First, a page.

MikeW-san:
                  Yes, yes, of course! and even my sabum said I concentrate too much about getting hit-- but I still looove kendo (no doubt bout that =.=)

                  turboyoshi-san:
                  Ooooh! I see! No wonder~ the man I admire most in the world (he's 6th Dan and he comes out during the morning practices) always have a reeeally fast men strike im envious >3< but I know kendo is different from most sports and I just need more time and more experience~
                  Ah~ Miyazaki-san My sensei went against him in the 1991 8thWKC 'Kendo God' no?

                  thank you everyone :3

                  Comment


                  • #10
                    Originally posted by Steve View Post
                    (1) Shorter people do tend to have trouble hitting men on taller opponents. My wife had the same issue. Assuming you learn to hit men correctly first against a men at your height from basic suburi and such, you'll note that when a shorter person hits a taller person's men, their wrist need to bend a little bit more and their hands come to a stop higher up compared to hitting a men of equal height.

                    (2) You want a "move" to get a men hit. Simple. Take a deep breath, kiai, and with confidence just move in and attack men with all of your focus regardless if you get counter hit or not. Can't muster the confidence to do this? As you move in use your tip to slightly move your opponent's tip to the left and hit men immediately with all of your focus. HAVE CONFIDENCE!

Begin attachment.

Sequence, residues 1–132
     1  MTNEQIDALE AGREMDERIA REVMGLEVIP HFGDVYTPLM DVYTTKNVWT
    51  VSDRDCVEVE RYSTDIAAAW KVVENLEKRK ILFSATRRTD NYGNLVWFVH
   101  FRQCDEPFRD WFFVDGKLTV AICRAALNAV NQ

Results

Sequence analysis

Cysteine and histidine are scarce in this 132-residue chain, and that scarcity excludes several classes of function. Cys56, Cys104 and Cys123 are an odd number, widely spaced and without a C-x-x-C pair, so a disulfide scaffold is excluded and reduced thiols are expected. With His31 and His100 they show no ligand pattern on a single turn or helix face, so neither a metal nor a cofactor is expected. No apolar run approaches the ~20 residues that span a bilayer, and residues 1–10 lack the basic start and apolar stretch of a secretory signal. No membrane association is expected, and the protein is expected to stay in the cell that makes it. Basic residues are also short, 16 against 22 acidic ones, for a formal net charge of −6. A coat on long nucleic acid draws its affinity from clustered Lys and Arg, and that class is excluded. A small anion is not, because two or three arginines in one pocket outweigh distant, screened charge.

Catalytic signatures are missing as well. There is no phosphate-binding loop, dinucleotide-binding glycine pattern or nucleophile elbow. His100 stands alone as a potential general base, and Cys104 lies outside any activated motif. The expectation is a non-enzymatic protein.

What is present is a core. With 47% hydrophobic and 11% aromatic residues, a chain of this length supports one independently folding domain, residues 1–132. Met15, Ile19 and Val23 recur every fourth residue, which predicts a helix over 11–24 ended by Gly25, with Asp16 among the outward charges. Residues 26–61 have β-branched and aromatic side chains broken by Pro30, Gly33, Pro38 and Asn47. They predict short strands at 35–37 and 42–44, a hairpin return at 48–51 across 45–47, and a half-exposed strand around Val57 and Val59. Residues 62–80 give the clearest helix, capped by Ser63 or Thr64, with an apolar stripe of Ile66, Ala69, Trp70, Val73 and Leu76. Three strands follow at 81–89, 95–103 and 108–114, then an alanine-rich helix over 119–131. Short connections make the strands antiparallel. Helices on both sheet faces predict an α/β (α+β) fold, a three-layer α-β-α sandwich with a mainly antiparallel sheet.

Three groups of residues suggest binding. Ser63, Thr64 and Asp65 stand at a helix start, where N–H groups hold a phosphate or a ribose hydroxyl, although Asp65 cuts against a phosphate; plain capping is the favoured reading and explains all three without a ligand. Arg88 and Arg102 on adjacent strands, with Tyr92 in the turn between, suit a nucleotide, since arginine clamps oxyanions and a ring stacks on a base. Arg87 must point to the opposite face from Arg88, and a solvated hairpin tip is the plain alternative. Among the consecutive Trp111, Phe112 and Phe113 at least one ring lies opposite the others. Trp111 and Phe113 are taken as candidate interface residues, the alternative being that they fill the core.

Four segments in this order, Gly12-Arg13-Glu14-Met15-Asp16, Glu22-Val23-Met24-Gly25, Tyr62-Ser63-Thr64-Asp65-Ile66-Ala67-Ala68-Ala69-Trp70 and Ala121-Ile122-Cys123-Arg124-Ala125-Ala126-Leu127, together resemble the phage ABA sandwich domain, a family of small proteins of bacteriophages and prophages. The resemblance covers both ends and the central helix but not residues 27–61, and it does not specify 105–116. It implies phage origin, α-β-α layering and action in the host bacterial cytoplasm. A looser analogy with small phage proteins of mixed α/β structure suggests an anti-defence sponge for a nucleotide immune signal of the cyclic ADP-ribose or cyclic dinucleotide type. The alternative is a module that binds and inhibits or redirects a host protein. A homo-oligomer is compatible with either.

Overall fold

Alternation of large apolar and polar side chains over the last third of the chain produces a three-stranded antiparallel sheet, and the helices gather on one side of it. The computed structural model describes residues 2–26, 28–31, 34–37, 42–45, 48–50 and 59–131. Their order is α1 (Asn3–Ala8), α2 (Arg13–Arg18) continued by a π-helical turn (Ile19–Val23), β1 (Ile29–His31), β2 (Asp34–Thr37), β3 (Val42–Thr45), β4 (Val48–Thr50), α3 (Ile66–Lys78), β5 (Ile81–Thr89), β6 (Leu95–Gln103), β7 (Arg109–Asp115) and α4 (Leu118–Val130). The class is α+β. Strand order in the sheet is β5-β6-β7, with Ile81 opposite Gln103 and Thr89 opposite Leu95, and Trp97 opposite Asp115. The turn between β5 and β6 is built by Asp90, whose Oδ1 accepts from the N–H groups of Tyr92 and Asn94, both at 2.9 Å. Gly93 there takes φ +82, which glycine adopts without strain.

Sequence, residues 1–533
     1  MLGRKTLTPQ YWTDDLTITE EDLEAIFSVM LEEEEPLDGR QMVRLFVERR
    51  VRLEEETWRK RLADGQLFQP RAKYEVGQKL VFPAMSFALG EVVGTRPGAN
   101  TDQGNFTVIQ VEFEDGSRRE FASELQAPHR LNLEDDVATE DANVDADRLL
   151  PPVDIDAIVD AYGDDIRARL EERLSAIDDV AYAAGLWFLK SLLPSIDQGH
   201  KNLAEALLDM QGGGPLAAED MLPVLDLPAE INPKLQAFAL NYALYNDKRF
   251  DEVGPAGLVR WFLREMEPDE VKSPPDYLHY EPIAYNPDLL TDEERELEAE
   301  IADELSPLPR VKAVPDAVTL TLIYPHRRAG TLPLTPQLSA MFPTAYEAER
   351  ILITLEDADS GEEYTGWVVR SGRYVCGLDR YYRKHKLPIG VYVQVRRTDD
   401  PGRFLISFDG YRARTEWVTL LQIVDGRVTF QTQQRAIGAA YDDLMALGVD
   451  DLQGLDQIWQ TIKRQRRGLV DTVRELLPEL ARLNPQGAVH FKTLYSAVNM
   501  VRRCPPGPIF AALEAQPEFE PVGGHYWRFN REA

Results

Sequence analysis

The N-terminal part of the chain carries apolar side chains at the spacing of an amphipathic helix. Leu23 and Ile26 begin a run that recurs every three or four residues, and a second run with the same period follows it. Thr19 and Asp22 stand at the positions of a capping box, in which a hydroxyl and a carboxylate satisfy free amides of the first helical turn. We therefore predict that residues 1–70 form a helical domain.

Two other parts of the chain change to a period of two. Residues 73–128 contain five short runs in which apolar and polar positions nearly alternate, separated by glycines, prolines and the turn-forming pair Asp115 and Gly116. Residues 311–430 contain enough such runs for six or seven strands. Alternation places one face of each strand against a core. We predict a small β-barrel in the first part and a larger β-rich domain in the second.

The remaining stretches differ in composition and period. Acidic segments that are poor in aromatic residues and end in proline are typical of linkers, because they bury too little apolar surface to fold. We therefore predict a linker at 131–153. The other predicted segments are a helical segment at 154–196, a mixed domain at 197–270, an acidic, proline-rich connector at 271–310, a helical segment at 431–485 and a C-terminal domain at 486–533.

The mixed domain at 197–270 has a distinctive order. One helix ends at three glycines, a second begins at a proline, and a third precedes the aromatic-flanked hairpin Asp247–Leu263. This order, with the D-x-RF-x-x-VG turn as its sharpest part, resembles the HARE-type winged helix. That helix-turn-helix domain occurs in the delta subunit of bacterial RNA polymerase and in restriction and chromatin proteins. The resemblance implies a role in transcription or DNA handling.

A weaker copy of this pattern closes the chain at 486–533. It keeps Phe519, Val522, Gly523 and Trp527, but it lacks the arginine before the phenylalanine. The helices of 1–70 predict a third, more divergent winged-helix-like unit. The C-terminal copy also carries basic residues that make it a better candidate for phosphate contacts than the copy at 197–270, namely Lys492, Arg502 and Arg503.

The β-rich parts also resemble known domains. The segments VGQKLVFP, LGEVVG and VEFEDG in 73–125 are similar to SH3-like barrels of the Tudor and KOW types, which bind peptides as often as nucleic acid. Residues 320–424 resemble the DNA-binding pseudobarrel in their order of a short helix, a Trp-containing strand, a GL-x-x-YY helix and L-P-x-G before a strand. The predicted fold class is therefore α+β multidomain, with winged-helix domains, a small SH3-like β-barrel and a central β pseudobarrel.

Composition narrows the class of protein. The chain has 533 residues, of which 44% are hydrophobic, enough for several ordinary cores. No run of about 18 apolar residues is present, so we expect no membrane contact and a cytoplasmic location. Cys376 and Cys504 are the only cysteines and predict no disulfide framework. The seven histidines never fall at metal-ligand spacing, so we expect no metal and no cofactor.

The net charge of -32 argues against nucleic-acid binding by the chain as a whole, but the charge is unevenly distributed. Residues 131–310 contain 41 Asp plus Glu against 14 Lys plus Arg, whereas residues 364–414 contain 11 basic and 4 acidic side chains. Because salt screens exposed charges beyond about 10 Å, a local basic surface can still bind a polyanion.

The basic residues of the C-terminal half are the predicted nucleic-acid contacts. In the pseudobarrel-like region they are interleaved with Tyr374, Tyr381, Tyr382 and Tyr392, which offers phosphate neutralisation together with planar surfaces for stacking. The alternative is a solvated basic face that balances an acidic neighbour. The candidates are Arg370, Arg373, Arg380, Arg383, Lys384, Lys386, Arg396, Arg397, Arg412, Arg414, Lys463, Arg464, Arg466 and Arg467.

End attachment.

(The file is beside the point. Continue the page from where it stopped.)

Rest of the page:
(3)When people sense that you are confident about going for men, other targets will open naturally. Before you worry about fakes, you need to first prove to your opponent that you are not afraid of attacking their men, and if you do attack their men that you do so with confidence and all of your focus and don't care if they hit you back. This takes time and can be frustrating, but it is the core of basic kendo attacks.

                    (4) Blinking is a natural reaction and there isn't anybody who doesn't do it. It happens when we are afraid or surprised or we detect something that we interpret as potentially harmful to our eyes. You blink because your brain is not accustomed to being hit and deep down it is still a bit afraid or surprised by the attack of your opponent. Don't try to not blink, that'll just distract you more. Instead just keep focused on what you need to do and focus on your opponent. Once you honestly start not caring about being hit, you'll stop blinking so much.

                    If you are blinking because the person hitting you hits hard and is *hurting* you, that is a different story. After practice just tell them that they are hurting you.

                    (5) Ignore blocking. If you have time to block, you have time to attack as well. Stay focused on your opponent and anytime you get the feeling you should block, instead look and see what target is open during your opponent's attack. The next time they try that attack, hit them! Blocking just to stop yourself from being hit is no different than running away and hiding. Have confidence and at this stage always try to hit instead. If you can't hit first, try to hit them at the same time. If they hit you first, so what? Eah time you try hitting them first or at the same time, you will get a little bit better. Soon you *will* land some hits. Blocking does nothing to make you better...it only delays them hitting you.